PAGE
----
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Last Updated on February 4, 2016, by eNotes Editorial. Word Count: 420

CRITICISM

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Christiansen, Richard. “Donne, Long Death Bring Wit to Life.” Chicago Tribune (22 May 2001): Tempo 1.

Review of the Chicago production of Wit praising Edson for the humanist perspective presented in the play.

Daniels, Robert L. Review of Wit, by Margaret Edson. Variety 372, no. 7 (28 September 1998): 189.

Notes the interplay between “mythical logic and illusion” in Wit.

Franklin, Nancy. “Wit and Wisdom.” New Yorker 74, no. 42 (18 January 1999): 86-7.

Notes the intentional, visible structural seams in Wit, asserting that these seams reflect the manner in which Vivian both views and values existence.

Gordon, Suzanne. “Doctor's Brains.” The Nation 269, no. 4 (26 July 1999): 32-34.

Considers the role nurse Susie Monahan has within the play, contending that her role runs contrary to the stereotypical role and value placed on nurses in mainstream cultural media.

Harmsworth, Madeleine. Review of Wit, by Margaret Edson. British Medical Journal 320, no. 7229 (22 January 2000): 257.

Asserts that Wit functions as an indictment of the medical profession.

Hornby, Richard. “The Two August Wilsons.” Hudson Review 53, no. 2 (summer 2000): 297-98.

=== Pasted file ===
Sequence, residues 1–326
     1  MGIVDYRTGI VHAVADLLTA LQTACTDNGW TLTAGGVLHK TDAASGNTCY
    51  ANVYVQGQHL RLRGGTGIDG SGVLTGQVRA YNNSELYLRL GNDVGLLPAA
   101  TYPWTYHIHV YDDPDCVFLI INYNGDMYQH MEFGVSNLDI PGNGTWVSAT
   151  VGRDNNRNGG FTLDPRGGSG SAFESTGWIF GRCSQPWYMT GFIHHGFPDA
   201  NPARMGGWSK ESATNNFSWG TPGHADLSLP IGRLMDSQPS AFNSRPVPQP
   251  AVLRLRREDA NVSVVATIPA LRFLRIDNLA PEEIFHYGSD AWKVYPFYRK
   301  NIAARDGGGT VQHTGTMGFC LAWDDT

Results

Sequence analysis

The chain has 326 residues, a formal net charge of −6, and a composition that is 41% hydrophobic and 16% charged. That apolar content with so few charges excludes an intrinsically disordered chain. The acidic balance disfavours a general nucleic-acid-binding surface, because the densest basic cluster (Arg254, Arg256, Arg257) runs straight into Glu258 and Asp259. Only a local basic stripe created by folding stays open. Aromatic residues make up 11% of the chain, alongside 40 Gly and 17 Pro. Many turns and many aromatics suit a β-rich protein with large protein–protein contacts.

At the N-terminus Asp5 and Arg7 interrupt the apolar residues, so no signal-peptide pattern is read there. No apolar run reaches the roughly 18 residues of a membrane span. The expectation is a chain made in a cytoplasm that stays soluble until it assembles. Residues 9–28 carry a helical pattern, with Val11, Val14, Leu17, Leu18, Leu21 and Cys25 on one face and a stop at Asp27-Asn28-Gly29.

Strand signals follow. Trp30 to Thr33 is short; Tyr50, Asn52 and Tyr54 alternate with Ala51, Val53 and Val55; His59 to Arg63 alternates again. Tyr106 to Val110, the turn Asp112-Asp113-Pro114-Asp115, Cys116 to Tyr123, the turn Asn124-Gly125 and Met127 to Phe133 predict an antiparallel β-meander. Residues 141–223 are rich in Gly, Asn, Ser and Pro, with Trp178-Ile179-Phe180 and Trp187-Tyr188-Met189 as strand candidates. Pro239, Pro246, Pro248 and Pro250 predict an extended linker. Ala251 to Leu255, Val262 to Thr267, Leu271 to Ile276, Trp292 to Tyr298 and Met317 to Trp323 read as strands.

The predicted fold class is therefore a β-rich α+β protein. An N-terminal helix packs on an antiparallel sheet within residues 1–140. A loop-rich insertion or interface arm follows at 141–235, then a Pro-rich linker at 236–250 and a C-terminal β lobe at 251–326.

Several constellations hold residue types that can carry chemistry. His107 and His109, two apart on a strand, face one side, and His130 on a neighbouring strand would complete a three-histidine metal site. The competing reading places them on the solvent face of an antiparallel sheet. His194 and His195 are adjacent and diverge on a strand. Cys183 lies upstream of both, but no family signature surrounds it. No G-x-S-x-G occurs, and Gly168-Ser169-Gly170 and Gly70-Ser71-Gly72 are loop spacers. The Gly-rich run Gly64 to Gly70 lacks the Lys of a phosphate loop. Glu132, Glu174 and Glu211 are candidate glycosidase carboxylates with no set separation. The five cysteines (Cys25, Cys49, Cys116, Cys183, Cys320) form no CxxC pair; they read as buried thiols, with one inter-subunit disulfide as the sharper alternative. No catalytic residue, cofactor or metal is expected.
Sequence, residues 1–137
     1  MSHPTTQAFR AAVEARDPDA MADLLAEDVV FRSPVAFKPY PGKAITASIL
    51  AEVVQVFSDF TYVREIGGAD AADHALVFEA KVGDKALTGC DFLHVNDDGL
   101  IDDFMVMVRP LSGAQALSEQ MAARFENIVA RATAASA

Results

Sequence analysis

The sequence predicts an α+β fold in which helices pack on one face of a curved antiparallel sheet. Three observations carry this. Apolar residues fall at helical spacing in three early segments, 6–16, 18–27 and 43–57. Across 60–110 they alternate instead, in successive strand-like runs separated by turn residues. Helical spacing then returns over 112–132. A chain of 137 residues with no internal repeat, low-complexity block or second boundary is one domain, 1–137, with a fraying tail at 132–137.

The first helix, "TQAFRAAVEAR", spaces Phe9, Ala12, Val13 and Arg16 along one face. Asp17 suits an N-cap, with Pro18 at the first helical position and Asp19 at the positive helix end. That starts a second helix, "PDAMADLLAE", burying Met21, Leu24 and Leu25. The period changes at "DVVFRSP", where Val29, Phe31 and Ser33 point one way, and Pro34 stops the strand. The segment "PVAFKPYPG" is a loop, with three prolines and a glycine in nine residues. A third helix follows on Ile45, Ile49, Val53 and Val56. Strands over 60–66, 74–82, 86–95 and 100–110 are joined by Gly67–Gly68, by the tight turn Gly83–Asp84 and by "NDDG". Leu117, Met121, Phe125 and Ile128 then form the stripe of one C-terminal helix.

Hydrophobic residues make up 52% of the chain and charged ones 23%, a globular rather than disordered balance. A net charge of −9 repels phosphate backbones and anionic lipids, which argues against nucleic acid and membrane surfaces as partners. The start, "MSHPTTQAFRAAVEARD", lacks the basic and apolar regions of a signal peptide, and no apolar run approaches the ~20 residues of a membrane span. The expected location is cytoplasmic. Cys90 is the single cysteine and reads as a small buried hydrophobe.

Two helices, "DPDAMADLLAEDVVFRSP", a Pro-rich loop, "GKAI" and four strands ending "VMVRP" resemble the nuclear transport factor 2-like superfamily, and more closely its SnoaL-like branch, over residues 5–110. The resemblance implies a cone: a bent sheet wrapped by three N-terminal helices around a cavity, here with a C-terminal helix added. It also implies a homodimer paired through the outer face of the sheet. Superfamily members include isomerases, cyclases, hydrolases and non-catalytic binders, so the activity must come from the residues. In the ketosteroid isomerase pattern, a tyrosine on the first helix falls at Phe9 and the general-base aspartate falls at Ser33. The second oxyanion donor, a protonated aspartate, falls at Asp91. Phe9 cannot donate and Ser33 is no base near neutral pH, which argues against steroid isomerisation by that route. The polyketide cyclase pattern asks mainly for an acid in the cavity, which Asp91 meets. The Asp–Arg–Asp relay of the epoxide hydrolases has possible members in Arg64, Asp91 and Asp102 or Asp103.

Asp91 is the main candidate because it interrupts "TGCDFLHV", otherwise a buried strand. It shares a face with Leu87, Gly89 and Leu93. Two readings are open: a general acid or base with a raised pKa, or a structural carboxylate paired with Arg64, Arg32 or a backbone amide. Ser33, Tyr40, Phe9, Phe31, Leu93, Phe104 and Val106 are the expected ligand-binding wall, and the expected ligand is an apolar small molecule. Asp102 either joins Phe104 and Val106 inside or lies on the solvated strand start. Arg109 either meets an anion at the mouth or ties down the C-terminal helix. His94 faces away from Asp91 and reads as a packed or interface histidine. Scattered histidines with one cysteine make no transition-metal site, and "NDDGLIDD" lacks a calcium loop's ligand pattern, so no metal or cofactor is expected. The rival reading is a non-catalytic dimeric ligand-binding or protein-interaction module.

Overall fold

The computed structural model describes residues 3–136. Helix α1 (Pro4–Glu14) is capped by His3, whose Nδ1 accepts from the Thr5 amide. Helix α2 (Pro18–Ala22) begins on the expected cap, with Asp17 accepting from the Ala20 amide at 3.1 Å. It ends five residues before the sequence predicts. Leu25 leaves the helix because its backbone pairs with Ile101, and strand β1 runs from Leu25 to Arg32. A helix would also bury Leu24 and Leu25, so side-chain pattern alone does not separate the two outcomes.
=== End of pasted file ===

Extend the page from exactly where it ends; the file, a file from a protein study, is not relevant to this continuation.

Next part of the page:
Provides a review of Wit lauding Edson for her positive portrayal of a college professor

Jago, Carol. “Death Be Not Proud.” English Journal 90, no. 1 (September 2000): 21-2.

Provides a review of the published version of Wit, drawing attention to the decision to juxtapose Margaret Wise Brown's The Runaway Bunny with John Donne's Holy Sonnets.

Kent, Heather. “At Wit's End.” CMAJ: Canadian Medical Association Journal 164, no. 6 (20 March 2001): 841.

Examines the way Edson depicts bedside manner in Wit.

Martini, Adrienne. “A Playwright in Spite of Herself.” American Theatre 16, no. 8 (October 1999): 22-5.

Provides a biographical portrait of Edson charting the evolution of Wit from a rough idea to its New York staging.

Sack, Kevin. “At Lunch with Margaret Edson: Colors, Numbers, Letters and John Donne.” New York Times (10 November 1998): E1, E3.

Provides an interview with Edson that notes how her life experiences informed the writing of Wit.

Shewey, Don. “When Death Comes Knocking.” Advocate, no. 774 (8 December 1998): 79-80.

Review of Wit commending the realistic portrayal of emotional crises facing cancer patients.

Taylor, Markland. Review of Wit, by Margaret Edson. Variety 369, no. 2 (17 November 1997): 77.

Review of Wit noting the playwright and lead actress's efforts, and how they compliment each other.

Zinman, Toby. “Illness as Metaphor.” American Theatre 16, no. 8 (October 1999): 25.

Brief review of Wit contending that John Donne would have approved of Edson's treatment of such issues as spirituality, love, and redemption in Wit.

Additional coverage of Edson's life and career is contained in the following sources published by Thomson Gale: Contemporary Authors, Vol. 190; Dictionary of Literary Biography, Vol. 266; Drama Criticism, Vol. 24; Drama for Students, Vol. 13; and Literature Resource Center.

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Criticism